How China Makes U.S. Companies Toe the Line

ESPN told its presenters not to discuss the Hong Kong protests. (Image: Andrew McFarlane via Wikimedia Commons)

U.S. companies are self-censoring, as well as censoring others, in a bid to gain access to the market in China. Although America is said to be the land of the free, such policies only end up making U.S. companies an instrument of Beijing’s communist propaganda.

Censoring for China

Bilahari Kausikan is a retired Singaporean diplomat who is well aware of what the Chinese government is trying to do across the world. “China doesn’t just want you to comply with its wishes, it wants you to… do what it wants without being told,” he said to The Straits Times. A close look at the behavior of some of the well-known U.S. companies over the past few years makes it clear that Beijing is successfully forcing them to take a pro-China view.

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U.S. companies censoring content

In 2018, Marriott listed Taiwan, Tibet, Hong Kong, and Macao as separate nations. As this went against Beijing’s “one country” ideology, they shut down the company’s Chinese apps and website for seven days. Since Marriott has about 300 hotels in China, angering the government would result in big losses for the company. In a bid to appease the state, Marriott announced that it would expand “employee education globally,” which essentially meant that all hotel staff across the world will be brainwashed on China’s version of geography and politics.

U.S. companies self-sensoring to get business in China.
Marriott decided to spread pro-China ideology among its employees. (Image: via Wikimedia Commons)

When a gamer announced support for the Hong Kong protests, Activision Blizzard suspended him for a year and blocked his earnings. Though the punishment was reduced a few days later, other gamers who have taken a pro-Hong Kong stance have also been censored. Hollywood studio Paramount removed the Taiwanese flag in the latest installment of the Top Gun film. The first movie had prominently displayed the flag. Google deleted a game called “The Revolution of Our Times” that was centered on the Hong Kong protests. Marvel Studios changed the race of a character from a Tibetan man to a white woman in the movie Doctor Strange.

These are some of the examples where U.S. companies are censoring content that reaches their customers. By only publishing the pro-China version of a story, the voices of the other party do not reach the people, thereby creating the illusion that “all is well” in China. For instance, the claim of Tibetans that they are a separate nation will be suppressed and never allowed to propagate through these companies.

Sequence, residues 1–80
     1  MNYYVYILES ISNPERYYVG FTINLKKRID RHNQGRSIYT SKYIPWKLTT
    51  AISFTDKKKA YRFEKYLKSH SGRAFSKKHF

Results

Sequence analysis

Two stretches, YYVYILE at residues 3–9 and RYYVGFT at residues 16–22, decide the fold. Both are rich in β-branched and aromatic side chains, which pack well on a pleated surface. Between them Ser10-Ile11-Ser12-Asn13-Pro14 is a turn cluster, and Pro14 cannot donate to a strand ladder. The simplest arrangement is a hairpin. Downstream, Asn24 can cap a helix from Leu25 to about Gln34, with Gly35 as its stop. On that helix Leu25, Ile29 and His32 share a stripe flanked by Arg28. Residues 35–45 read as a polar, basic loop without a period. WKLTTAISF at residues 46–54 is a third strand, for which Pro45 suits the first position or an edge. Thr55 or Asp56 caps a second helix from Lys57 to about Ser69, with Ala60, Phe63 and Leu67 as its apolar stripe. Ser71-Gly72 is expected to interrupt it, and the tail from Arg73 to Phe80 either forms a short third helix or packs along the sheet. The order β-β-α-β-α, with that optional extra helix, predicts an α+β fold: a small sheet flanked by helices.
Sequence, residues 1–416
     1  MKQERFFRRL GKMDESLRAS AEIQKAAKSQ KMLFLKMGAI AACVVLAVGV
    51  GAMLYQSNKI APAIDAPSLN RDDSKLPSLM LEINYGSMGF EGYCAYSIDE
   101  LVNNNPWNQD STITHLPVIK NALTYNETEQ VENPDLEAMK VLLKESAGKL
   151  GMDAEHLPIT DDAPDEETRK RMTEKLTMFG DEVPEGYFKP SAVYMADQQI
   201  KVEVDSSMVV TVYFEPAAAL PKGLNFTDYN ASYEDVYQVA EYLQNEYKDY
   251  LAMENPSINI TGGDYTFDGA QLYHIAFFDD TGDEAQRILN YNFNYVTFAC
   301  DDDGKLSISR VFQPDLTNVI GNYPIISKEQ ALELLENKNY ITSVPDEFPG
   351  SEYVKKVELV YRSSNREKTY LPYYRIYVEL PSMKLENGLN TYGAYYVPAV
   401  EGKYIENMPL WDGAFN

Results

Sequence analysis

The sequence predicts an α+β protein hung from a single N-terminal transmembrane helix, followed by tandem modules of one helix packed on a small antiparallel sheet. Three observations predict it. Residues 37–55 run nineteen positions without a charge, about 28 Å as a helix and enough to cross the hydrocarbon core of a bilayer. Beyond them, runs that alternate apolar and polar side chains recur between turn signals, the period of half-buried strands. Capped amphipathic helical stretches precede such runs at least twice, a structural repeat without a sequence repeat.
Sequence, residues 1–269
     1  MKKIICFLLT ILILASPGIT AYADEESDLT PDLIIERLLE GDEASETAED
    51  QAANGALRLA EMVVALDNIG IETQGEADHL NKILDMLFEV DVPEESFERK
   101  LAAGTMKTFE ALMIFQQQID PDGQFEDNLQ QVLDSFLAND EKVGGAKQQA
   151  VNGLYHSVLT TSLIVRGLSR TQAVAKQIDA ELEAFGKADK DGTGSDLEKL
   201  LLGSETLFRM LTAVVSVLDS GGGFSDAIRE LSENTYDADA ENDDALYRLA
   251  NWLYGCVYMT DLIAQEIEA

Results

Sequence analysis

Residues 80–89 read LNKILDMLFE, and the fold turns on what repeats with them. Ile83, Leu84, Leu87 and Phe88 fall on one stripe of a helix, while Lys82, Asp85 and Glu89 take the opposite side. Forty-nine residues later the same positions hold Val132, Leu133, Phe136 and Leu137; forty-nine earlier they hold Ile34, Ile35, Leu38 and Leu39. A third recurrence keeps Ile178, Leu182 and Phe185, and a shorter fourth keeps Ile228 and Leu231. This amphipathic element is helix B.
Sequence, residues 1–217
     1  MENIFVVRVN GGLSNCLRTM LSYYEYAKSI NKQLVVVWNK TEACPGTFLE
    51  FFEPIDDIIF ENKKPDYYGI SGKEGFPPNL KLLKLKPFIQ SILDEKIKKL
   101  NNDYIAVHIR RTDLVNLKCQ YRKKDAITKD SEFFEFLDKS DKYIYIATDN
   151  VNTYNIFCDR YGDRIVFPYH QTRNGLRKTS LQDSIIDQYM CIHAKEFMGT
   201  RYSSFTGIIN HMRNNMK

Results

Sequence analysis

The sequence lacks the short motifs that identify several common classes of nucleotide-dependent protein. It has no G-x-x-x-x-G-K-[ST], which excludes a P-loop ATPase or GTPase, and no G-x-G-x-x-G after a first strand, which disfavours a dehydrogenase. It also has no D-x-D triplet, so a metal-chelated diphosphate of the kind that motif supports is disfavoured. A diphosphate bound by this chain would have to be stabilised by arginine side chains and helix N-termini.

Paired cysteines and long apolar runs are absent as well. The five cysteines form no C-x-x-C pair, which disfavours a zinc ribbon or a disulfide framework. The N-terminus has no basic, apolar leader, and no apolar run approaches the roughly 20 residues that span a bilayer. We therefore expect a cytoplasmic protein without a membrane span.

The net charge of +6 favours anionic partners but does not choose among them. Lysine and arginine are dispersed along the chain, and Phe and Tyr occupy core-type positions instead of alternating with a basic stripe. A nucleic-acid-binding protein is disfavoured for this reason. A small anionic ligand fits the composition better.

U.S. companies maintaining silence on controversial issues

An excellent example of this would be the recent NBA scandal. After the manager of a team announced support for the Hong Kong protests, China hit back at the NBA by restricting broadcasts, merchandise opportunities, and so on. This directly affected ESPN, the company that has a broadcasting deal on NBA games for the Chinese market with a company called Tencent. To save its business in China, ESPN decided that silence was the best option. It sent out a memo to its staff that asked that they never discuss the Hong Kong protests on their show.

The threat to a free Internet

A 2018 report by Freedom House warns about the risks of emulating China’s Internet model by arguing that it will eventually lead to the implementation of Internet censorship in other nations as well.  

China’s Internet model is a danger to Internet freedoms. (Image: pexels / CC0 1.0)

“More countries are going to seek to assert their national sovereignty on the internet. Every country might end up having its own internet. That’s really what the China Model is… China is not looking for Myanmar or Uganda or Kazakhstan to come behind the Great Firewall,” Adrian Shahbaz, lead author of the report, said to Wired.

The report also warns that as China builds more communication networks around the world, the privacy risks will also increase. Chinese intelligence agencies will have an easier time accessing global data, both through legal and extralegal tactics.

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